In the novel 'The Picture of Dorian Gray' by Oscar Wilde, Gray locks away a portrait of his in the attic for 18 years and over that time the picture degrades to an almost unrecognisable version of its former self. The novel explains this as the fulfilment of a wish by Gray to have the portrait age instead of himself but I have been wondering recently, are there be any natural reasons that could explain this transformation if a painting is locked away for a large period of time?
Preface: So far, I do not know the novel you refer to, and assume the portrait is a classical oil painting.
Such a painting consists of several layers of products applied. Similar to a wall in your living room, the canvas is prepared to accomodate the pigments dispersed in linseed oil, what in other fields of application would be called a "primer". Then there are multiple layers of the painting itself, topped by the varnish. To mention a few of the potential issues,
Pigments may change their colour upon exposure to air. Pigments like lead white turned over time black, for example.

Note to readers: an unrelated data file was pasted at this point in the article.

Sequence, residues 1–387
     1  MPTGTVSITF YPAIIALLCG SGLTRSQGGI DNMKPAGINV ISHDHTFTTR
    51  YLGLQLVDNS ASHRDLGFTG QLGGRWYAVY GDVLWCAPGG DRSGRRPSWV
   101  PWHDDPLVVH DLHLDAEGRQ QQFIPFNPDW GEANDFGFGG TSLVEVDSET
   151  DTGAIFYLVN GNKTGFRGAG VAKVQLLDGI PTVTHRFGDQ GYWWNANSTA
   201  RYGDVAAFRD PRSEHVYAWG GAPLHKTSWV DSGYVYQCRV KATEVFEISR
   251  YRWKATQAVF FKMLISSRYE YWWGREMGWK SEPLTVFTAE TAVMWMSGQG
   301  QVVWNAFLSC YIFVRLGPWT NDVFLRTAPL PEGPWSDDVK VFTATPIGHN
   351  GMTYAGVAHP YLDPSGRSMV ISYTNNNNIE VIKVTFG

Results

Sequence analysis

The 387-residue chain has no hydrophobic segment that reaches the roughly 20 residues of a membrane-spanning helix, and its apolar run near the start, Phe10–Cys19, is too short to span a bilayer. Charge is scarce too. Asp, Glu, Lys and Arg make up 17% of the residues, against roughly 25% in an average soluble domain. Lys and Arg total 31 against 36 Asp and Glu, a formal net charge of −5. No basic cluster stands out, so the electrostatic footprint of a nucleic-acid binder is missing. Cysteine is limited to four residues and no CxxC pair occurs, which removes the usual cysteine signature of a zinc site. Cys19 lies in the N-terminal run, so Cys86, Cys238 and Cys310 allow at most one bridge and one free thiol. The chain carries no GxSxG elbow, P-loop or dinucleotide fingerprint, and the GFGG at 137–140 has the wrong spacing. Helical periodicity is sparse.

Pigments may interact with the oil, forming complexes, of different mechanical and complexation strength:
- Components may migrate across the picture and locally, and reactions may occur. The formation of soaps of lead and zinc are the most prominently known ones, for example based on palmitic, stearic, or azelaic acid. These processes may alter colors, even rendering them transparent enough to recognise the support of the paint, and they may eventually protrude the surface of the paintings as shown from a topview:
(source, p. 14)
or cross section:
These may not simply be "washed off" as a normal cleansing would do, as water and humidity in general amplify the problem. If left untreated, the painting however will age and degrade.